"For the first six weeks of her life, Skylar was a happy baby with a beaming smile," dad Duncan said. "Then, last March she started projectile vomiting and we noticed her eyes kept moving to the left. We took her to hospital and they told us it was a twisted bowel. We were then transferred to a London hospital where they said her bowel was fine and discharged us."
The family were still worried about their daughter’s condition a few days later so took her to hospital again. Shortly after arriving the little girl had a terrifying seizure that lasted 45 minutes. Skylar, now one, was put into intensive care where a scan showed she had had a bleed that was putting pressure on her brain. "We were devastated," Duncan remembered, "and had the terrifying thought that she was going to die."
Skylar was diagnosed with dystonia, a rare condition causing uncontrolled muscle cramps and spasms as well as body twisting and tremors. Her sight has also deteriorated over time so she is now blind.
The news was heart-breaking for the family.
"Skylar was in so much distress, crying and screaming all the time," said mum Sue, "and we knew she was in pain. We kept asking what we could do but were told we’d have to wait to see. We were at breaking point. Then Keech was there."
"We were introduced to Keech Hospice Care in April last year," Sue continued. "Melissa and Faye from the community team came out to see us at home. The idea of going to a hospice would have terrified us but they explained that Keech does so much more than care for people at the end of their lives.
Community staff at the hospice were able to suggest the family use their hydrotherapy pool to relax Skylar. There was also support groups for parents caring for a sick child and a group to help siblings. These facilities are part of the daycare services Keech can offer families.
"A week later, we went to the hospice for the first time and were just blown away. The doctors and nurses were brilliant. Skylar had been in pain for months. Very quickly, the team changed her medication and, within a few hours, the transformation was amazing."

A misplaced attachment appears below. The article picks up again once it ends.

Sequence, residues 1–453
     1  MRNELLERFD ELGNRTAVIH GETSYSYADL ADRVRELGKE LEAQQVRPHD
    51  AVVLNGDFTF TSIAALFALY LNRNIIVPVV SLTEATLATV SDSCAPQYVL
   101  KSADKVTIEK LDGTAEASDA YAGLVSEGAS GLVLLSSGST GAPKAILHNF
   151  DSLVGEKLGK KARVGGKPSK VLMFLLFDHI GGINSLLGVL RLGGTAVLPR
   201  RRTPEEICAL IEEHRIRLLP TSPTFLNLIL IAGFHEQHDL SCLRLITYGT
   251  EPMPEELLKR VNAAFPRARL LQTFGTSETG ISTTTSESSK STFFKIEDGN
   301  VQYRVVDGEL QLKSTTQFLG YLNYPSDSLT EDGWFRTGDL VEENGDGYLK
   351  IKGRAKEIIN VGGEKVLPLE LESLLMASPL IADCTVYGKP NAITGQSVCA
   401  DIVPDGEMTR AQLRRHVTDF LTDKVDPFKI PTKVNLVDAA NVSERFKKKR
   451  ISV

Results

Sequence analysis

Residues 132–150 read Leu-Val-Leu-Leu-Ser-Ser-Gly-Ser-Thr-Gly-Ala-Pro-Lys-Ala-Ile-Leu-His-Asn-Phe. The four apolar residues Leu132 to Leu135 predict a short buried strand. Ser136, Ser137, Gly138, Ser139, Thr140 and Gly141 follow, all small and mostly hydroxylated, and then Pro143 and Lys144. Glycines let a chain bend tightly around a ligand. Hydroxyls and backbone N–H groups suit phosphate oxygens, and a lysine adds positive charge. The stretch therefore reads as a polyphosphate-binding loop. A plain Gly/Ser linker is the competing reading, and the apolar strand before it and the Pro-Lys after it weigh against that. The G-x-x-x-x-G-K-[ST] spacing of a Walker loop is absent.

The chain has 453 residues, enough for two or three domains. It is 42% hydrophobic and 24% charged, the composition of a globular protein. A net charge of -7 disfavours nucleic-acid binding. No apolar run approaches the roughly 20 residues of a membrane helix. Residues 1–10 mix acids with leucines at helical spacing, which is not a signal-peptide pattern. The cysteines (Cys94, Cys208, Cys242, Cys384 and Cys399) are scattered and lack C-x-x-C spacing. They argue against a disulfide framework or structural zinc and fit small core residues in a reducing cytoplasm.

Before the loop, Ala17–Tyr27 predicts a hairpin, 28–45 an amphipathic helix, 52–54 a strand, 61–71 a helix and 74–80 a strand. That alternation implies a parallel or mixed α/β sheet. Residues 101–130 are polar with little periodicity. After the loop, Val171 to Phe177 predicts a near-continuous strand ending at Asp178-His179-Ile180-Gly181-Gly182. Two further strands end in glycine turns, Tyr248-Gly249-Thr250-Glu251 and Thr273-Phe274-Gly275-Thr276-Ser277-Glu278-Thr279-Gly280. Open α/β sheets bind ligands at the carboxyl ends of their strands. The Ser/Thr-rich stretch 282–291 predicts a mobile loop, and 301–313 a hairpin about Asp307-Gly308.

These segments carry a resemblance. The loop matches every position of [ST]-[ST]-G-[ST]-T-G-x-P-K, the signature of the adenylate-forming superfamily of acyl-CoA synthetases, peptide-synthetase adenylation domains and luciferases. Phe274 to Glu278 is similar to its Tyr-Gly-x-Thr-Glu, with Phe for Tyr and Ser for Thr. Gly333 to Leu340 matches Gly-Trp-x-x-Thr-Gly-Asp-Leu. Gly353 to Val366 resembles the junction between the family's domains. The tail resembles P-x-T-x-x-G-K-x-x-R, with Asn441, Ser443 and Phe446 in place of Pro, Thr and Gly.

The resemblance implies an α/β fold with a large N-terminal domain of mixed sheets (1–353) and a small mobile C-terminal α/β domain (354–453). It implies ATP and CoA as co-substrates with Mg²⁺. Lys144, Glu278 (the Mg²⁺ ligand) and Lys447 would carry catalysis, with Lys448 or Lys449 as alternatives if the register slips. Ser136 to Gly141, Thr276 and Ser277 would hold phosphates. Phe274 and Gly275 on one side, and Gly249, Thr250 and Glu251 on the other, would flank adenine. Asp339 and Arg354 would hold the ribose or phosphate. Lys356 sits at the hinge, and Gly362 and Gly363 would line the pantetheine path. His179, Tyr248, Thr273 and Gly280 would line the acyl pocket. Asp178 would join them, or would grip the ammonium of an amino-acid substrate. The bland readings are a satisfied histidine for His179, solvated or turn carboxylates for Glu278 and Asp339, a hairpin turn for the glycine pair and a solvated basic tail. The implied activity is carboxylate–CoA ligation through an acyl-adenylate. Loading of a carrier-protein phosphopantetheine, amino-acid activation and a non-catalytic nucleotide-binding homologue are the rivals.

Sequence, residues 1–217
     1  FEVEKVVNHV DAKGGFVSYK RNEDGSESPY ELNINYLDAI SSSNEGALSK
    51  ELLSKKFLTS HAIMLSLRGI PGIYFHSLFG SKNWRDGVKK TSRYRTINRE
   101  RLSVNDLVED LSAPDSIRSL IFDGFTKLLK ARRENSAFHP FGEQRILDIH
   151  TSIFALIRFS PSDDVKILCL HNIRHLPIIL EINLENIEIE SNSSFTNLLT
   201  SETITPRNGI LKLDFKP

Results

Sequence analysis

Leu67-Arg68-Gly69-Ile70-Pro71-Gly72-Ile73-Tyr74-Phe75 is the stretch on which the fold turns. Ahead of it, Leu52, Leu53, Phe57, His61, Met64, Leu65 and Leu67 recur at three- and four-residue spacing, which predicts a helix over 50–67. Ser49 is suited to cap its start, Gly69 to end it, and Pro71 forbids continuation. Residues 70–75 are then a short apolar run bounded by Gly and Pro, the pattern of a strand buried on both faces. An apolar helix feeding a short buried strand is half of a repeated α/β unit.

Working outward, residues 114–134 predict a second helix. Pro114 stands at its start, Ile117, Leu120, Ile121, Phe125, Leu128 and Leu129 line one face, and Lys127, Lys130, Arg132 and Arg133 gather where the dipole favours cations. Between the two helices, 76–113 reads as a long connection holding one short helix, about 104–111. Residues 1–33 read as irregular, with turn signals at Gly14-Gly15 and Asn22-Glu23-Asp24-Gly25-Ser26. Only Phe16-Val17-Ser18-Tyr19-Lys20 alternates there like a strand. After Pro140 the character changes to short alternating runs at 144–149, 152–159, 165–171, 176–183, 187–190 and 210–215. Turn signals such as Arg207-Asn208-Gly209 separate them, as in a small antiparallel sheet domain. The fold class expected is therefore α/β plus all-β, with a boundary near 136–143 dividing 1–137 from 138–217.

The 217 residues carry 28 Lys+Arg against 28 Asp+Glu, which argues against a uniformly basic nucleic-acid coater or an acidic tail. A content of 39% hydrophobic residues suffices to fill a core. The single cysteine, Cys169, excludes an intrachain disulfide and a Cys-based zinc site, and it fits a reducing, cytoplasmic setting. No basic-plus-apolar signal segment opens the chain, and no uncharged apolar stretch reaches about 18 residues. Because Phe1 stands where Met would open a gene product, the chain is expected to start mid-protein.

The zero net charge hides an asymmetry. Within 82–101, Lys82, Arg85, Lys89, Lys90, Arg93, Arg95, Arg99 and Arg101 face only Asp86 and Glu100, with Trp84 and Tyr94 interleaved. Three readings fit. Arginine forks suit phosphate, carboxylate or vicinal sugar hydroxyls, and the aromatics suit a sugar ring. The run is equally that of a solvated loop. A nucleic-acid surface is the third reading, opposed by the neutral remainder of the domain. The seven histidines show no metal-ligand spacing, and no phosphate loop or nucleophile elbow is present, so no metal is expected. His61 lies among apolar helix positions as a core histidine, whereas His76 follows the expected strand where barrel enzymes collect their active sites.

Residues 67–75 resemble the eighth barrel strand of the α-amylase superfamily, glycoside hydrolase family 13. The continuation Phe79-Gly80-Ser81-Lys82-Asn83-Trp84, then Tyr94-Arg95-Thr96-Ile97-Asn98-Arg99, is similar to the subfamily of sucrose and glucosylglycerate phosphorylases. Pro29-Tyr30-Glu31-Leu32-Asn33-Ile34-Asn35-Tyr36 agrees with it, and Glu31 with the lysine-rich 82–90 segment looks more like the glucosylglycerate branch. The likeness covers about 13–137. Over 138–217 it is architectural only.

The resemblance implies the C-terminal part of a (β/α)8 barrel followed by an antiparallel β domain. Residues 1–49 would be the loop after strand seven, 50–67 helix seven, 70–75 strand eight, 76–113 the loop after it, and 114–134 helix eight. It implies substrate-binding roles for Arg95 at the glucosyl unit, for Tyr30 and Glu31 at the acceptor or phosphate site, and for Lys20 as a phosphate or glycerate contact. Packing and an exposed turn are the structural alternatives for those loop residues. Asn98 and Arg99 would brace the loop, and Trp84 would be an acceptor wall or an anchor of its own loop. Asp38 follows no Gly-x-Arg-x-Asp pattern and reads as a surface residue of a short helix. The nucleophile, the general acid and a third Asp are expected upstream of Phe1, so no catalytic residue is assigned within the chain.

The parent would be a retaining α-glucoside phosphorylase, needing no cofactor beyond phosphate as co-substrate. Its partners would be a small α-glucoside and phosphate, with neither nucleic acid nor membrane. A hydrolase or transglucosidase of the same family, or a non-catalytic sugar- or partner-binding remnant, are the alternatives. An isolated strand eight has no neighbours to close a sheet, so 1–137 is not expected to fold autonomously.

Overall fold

Amongst the many specialist services Keech has to offer is the Children’s In-Patient’s Unit.
"We were offered a stay at the children’s unit so the team could manage Skylar’s pain. We didn’t feel we could leave our baby completely so we stayed in the family accommodation. We were so tired; it was fantastic - we had 100% trust in those looking after Skylar with the comfort of being close by."
"Before, I was scared to go out on my own with Skylar in case something happened. Now, day trips with Keech get us out of the house, the hospice staff are there if Skylar is poorly and all the parents support each other. Just the fact you can call Keech day or night means so much."
"A couple of weeks ago, Skylar’s medication stopped working as well as it had been," Duncan added. "One call and a community nurse came out and tweaked the medication for her."
Sue and Duncan both recognise they don’t know what the future holds but they are glad Keech Hospice Care will continue to be there for the family. "If we hadn’t gone to Keech," Duncan finished, "Skylar would still be in pain now and that thought is unbearable."
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